Castle Of Deep Cove’ Issued Clean Up Order By District Of North Vancouver
It has been an issue for almost 20 years but now the District of North Vancouver has stepped in to force a homeowner to clean up his property.
The property along Panorama Drive is known as the Castle of Deep Cove and its owner, Chuck Band, and his wife bought and built the 5,000 square foot home in 1978. But in the last 20 years, Band has been packing his yard and driveway with his hoarding collection of “treasures” like cars, tools and equipment — all of which he says he needs.
But some of Band’s Deep Cove neighbors have had enough. His next door neighbor needed to put up a retaining wall between the two properties to stabilize their own slope and a neighbor, who lives below, says she’s been flooded by the creek before due to an improper culvert Band put in himself.
“Safety is number one and the possibility of this coming down and going across the road could cause so much damage,” Deep Cove resident Margie Goodman told Global News.
“There are 27 people that live across the road.”
On June 1 the DNV handed Band a notice that gives him a little more than a month to clean up his property and get the proper environmental permits for work he has been doing on the creek in his yard. If Band does not comply the district will do it for him and Band will have to foot the bill.
“It’s almost impossible to remove it all,” an exasperated Band says. “There’s a lot of water to go under the bridge between now and then.”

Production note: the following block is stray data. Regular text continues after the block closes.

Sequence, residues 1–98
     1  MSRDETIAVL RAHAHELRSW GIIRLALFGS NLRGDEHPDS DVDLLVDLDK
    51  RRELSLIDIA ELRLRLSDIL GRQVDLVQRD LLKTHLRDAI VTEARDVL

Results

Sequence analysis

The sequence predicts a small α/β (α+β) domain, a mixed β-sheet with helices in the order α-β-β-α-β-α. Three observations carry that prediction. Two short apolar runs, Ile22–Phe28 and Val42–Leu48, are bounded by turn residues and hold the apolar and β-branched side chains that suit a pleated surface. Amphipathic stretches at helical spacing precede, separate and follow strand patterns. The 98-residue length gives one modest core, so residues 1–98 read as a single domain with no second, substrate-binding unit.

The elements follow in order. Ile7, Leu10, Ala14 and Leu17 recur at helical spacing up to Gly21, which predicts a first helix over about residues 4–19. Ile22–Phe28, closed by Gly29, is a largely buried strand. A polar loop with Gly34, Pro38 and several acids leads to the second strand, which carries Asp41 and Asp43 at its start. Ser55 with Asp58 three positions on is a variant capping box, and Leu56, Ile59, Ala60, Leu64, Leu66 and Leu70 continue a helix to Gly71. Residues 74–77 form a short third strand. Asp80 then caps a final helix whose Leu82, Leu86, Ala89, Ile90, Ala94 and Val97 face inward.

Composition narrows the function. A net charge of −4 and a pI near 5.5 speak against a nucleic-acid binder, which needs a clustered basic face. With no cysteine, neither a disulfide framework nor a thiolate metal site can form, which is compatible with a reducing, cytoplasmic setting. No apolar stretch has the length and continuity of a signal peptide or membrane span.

Asked if he’s a hoarder and Band is quick to say no and that he needs and uses all of the items.
“… some of this stuff I’ve been dealing with people going to come and get. But I have a lot of equipment because that’s been my life. I weld, I do carpentry work. I have band saws and table saws for all of this work.”
This is not the first time Band has been ordered to clean up his property. He was issued an order in 2003.
But there is help for people who accumulate too much ‘stuff’.
The City of Vancouver and Coastal Health launched a task for a few years ago called the Hoarding Action Response Team (HART) in 2011. The team deals with 300 hoarding situations a year and says there is a way to do it that helps the homeowners and communities long term.
“That person won’t correct it unless they have the help of someone else like a counselor or a mentor, someone that can show them how to start,” explains HART Fire Capt. Doug Booth.
“The problem is usually procrastination or being overwhelmed.”
Despite the district’s order Band says the issue will not be solved by July 15.
Author – Jeffrey Avery